It has just occurred to me that we are probably under-appreciating our gargantuan stone friends. To compensate for this lacklustre acknowledgment, I propose that we have a Bridge Pylon Appreciation Day here in Seoul.

Operator, get me the number for Oh Se-Hoon's office.

Back at university, we're lucky enough to have a Dos Tacos outlet on campus, right next to a Pho Bay franchise. Now Pho Bay is the same as Pho Bay anywhere, selling Vietnamese noodles more realistically equating to 'noodles' that are supposedly 'Vietnamese.' That's not to be unexpected however, as any pho shack further than a 3 kilometre radius from Ansan Station is doomed to be an uninspired, oversalted and yellow-pickled-radish-accompanying affair with the wrong kind of sauce. But Dos Tacos sells food, and the food is tasty. The corn chips are roasted until crunchy, the sour cream is fresh off the hallowed shelves of Costco and the guacamole is homemade.

We also noticed that in our Coronas were actual limes, a fruit long thought commercially extinct on the Korean peninsula. Judging from this photo, I'd say that Mrs Farrand was delighted by such a fact. But I was too busy basking in the presence of guacamole to notice at the time.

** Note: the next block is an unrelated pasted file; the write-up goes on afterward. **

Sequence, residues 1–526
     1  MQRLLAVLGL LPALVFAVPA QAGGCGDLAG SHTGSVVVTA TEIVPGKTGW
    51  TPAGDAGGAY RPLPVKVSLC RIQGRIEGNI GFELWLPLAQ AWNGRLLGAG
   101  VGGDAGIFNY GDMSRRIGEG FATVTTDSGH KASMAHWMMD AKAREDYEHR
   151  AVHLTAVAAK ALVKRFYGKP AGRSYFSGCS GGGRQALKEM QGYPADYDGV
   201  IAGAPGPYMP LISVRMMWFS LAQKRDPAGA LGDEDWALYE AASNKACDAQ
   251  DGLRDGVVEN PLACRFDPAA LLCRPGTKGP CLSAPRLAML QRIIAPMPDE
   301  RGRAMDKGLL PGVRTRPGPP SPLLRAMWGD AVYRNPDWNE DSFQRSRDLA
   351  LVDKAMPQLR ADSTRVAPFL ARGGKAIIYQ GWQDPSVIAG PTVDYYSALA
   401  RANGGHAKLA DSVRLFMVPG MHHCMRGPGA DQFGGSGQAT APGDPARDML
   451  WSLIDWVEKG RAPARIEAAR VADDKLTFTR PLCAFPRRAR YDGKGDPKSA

This is a basement bar called 'My Villera' in Hongdae. It's near the subway station and underneath a Green Bean Coffee shop.

The interior is quite nice, with little water features and lots of candles.

Now this is interesting. On the first page of the menu is a little announcement, saying that if anyone publishes a post on their blog about the bar, they'll receive a free sidedish on their next visit. We queried the manager (who doesn't speak much English) and the way it works is that you're supposed to make a post about it, and then show him on the computer behind the counter on your next visit.

In consideration of  the combined conflicting elements that are my determination to receive the aforementioned sidedish of dubious monetary value as well as my inherent aversion to misrepresenting commercial venues as anything other than accurate, I have deemed it prudent to encode my actual evaluation of the premises with excessively verbose linguistic nuances. It is calculated that this will render impractical or at least ensure numerous inadequacies of coherence within the output of an inevitable online translation attempt by management upon our next visit.